When you click on a desktop item, for example, it tends to stay highlighted until you click on it again. That can become distracting and hard to look at, once all your desktop items are highlighted. At one point I also had an annoying problem with G.ho.st's keyboard shortcuts. The feature malfunctioned, making it impossible to hit letters like 'n' or 's' without causing G.ho.st to carry out a process like saving a file or refreshing the Web page. Needless to say, this made G.ho.st impossible to use; however, over the several days that I tried out G.ho.st, that malfunction happened only once, and I was able to fix it with a browser refresh.
On the plus side, G.ho.st comes with all kinds of goodies, including 15GB of free storage; support for 24 different default languages; a good file-sync manager; a mobile phone Web app; your own G.ho.st-branded e-mail with POP support; an MP3 player; an integrated Flickr search tool; an instant messenging app with support for AOL, Gmail, Yahoo, and MSN protocols; quick-launch access to a variety of Web search and info sites including Google, Yahoo, and Wikipedia; and a wide library of applications you can use to customize your G.ho.st desktop.
G.ho.st also has the best in-environment Web browser of all the services I tried out. It will save your cookies and browsing history so you can access them anywhere.
G.ho.st uses the Zoho online office suite for its default productivity applications, and the programs can be viewed within the environment. You can also save and access files from your Google Docs account, and can even send a document directly to Microsoft Office applications on your desktop. The only downside to G.ho.st's office suite is that it does not have a PDF reader.
Pros: Offers a whopping 15GB of free storage; wide support for various productivity file formats; a good e-mail tool that allows you to create appointments from e-mails; features a drag-and-drop appointment maker; a tabbed browser and MP3 player.
Cons: No support for the PDF format. If you are going to use G.ho.st, be prepared for the occasional flaw, but know that most problems can be fixed with a browser refresh.
Tip: G.ho.st's homepage is in Hebrew by default. In the address bar, just switch "he" for Hebrew at the end of the URL to "en" for English so you can navigate the site more easily.
Although it lists itself as a public beta, Startforce is one of the strongest performers among Webtops, with its own set of branded Web apps for word processing, spreadsheets, and presentations. It also has an e-mail client, in-environment Web browser, audio player, and IM client, and it comes with 1GB of free storage. One of the big advantages of Startforce is its fast response time, but a significant downside that I found during my tests is that Startforce does not work well with Apple's Safari Web browser.
Pros: Fast response time, customizable Windows environment, 1GB of free storage.
Cons: In my tests on a Mac, the Java-based uploader would not work, so I could not get files onto my Webtop. Also, StartForce works only if you shut down all other open Web pages in your browser. Once the Webtop is up and running, you can use other browser tabs again.
AirSet is not as functional as some other Webtops I've seen, but overall it's a pretty good experience. AirSet 's most full-featured application is its Web publishing software, which can help you create a Web site, blog, photo album, or newsletter. But Airset lacks other office essentials such as apps for word processing and spreadsheets.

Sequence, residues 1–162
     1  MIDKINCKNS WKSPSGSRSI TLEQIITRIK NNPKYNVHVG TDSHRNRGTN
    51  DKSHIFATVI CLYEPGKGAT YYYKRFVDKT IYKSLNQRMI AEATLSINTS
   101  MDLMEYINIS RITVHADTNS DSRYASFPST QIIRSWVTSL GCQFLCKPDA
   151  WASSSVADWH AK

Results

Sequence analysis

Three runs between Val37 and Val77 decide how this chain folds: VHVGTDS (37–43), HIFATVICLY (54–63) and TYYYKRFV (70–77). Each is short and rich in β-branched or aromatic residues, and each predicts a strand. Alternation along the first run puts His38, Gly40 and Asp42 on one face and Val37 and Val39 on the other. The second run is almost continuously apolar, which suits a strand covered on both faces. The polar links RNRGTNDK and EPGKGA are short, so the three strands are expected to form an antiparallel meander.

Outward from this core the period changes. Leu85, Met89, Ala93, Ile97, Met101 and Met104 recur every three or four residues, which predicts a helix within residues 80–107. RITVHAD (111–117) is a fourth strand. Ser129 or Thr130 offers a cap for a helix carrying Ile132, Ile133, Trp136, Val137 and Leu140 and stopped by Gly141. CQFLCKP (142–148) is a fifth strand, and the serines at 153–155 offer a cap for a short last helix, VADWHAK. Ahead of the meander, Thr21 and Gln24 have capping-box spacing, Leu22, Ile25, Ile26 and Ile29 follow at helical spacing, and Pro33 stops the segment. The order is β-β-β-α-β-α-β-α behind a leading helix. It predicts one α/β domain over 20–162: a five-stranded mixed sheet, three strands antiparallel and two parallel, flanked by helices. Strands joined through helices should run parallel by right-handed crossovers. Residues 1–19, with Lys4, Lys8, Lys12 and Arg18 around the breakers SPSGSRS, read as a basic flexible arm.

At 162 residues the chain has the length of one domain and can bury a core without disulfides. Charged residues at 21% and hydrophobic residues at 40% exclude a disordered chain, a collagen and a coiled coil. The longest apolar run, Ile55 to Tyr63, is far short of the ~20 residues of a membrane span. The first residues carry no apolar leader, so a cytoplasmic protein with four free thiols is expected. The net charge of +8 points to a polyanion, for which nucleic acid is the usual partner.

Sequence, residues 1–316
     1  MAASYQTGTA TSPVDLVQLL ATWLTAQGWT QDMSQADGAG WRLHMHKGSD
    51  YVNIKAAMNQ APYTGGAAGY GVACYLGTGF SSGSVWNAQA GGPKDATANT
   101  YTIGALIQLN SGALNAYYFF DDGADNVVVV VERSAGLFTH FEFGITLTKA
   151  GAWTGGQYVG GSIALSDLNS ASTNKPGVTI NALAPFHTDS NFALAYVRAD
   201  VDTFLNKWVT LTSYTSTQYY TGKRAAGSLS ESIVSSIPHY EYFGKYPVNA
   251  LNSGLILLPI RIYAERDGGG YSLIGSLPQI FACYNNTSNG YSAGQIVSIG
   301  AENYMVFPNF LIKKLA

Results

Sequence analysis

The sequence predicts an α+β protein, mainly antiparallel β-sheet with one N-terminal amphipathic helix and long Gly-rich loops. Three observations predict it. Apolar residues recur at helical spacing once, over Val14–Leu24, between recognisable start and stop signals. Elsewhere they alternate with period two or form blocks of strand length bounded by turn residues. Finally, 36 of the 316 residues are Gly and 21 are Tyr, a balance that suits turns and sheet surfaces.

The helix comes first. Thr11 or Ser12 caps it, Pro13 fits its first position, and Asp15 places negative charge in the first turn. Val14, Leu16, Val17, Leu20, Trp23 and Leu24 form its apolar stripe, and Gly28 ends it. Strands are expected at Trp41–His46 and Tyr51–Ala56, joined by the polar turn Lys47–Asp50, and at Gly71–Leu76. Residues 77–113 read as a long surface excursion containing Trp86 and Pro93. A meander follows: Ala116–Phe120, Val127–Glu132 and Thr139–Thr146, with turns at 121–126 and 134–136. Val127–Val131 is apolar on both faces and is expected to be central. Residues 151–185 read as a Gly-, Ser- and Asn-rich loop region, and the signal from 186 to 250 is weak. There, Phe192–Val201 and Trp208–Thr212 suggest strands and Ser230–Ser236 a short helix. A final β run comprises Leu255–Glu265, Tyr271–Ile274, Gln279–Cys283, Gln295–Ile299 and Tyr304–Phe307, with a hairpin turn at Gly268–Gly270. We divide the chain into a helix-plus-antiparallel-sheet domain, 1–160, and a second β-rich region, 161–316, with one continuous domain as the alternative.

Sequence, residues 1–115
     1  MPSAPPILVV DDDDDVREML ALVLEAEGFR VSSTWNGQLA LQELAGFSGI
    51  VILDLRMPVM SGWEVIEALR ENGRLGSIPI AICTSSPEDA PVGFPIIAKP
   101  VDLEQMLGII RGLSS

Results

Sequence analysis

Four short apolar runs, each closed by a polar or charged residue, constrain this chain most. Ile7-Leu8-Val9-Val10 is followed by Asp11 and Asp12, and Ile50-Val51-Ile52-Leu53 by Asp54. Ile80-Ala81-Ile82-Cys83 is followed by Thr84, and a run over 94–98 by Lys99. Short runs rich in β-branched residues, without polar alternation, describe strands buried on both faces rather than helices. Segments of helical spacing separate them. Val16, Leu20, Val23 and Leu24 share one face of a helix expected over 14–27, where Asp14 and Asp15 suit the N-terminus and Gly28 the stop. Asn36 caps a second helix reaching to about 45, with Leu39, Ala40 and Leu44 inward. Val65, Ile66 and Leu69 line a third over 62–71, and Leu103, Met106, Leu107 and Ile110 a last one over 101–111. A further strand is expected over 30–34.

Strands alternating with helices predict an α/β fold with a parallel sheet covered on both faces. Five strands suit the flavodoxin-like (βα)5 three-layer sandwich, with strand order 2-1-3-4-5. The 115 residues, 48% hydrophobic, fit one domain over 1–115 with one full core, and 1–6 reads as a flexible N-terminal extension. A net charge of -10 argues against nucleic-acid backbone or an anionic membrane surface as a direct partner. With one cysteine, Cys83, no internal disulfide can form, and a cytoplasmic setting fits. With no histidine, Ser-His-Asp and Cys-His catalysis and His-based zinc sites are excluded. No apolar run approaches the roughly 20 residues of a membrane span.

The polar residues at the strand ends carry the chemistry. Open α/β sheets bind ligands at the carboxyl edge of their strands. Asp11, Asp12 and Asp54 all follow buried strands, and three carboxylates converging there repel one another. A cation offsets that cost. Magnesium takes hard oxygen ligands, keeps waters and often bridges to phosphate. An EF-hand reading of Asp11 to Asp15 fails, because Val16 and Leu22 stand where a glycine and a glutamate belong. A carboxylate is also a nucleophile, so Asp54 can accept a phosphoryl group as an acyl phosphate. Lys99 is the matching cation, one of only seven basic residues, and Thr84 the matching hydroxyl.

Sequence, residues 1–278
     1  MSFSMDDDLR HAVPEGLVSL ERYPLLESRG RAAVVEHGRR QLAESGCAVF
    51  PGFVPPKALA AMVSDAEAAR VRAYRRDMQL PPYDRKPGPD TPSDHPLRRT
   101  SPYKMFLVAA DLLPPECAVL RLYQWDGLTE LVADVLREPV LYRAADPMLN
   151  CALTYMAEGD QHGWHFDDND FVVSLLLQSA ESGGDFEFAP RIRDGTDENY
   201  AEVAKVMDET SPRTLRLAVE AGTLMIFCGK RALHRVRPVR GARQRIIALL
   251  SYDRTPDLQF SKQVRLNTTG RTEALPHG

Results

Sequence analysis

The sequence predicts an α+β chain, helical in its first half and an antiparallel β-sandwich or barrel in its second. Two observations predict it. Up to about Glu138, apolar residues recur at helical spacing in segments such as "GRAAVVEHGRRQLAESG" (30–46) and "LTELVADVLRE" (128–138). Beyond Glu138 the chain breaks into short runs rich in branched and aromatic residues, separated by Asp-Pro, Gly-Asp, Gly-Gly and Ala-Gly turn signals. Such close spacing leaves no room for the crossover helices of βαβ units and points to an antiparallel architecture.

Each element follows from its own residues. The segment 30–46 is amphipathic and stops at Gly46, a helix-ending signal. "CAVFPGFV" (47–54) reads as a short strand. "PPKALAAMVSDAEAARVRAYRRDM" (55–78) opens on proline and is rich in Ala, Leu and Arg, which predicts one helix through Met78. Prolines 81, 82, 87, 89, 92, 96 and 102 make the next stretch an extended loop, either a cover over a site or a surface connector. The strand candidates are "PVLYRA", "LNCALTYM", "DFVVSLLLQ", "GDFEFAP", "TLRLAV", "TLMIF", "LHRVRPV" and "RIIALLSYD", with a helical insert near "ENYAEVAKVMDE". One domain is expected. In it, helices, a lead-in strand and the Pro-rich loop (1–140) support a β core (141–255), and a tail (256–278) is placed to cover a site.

Airset also has a contact and calendar manager that can sync directly with Outlook, and an IM client as well as 1GB of free online storage. But AirSet does not support Microsoft Word's ".doc" format. AirSet also has a group function that allows you to collaborate with other AirSet users; however, this is a for-pay function that is not available in the free service.
Pros: Outlook calendar and contact syncing; uses a Java applet or HTML interface for uploading (both are excellent); 1GB of free storage, $2 per month for every 5GB after that; AirSet mobile application allows for greater access; customizable desktop.
Cons: Webtop is ad-supported, so you lose some screen space; bare-bones productivity support with no spreadsheet or presentation software. AirSet does not support the .doc format--only basic text files and WYSIWYG (What You See Is What You Get). Good IM client, but it requires a manual sign-in for each service, even though it memorizes your passwords.
Tip: When I started up AirSet I got a warning that the Webtop does not officially support Firefox 3.5, but that I should try running it anyway. AirSet officially supports Firefox 3, Safari 3, and Internet Explorer 7.
Of all the Webtops I tried, ajaxWindows is the one that most closely emulates Windows (with Startforce coming in a close second).
The ajaxWindows desktop automatically opens up in full-screen mode, but its in-environment Web browser leaves a lot to be desired. Instead of opening up new pages within the virtual computer, ajaxWindows kept directing me to a new browser window. But I couldn't see the new window outside the ajax environment, because the Webtop was in full-screen mode. Redirecting Web pages outside the environment is a common problem in Webtops.
ajaxWindows has its own applications for presentations and word processing, but nothing for spreadsheets. If you don't want to use ajax's Web apps, you can use quick-launch icons to access your Google and Zoho documents outside of the virtual computer. The Webtop will also automatically sign you up for 1GB of free storage with Box.net, computer-to-cloud syncing with SyncWizard. For music you get a free MP3 storage locker from MP3tunes. Ajax's MP3 player then uses your files stored with MP3tunes to play music in the Webtop environment.
Although Ajax Windows signs you up for these storage services, you will have to log in the first time you use them. AjaxWindows also comes with customizable desktop widgets.
Pros: 1GB of free storage; uses Meebo as IM client to support wide range of IM protocols; integrated with other services including box.net for storage and MP3 locker for music storage. Ajax-branded productivity software, and quick-launch access to Google and Zoho services.
Cons: Poorly designed Web browser; no in-environment support for spreadsheets; plug-in required for Internet Explorer.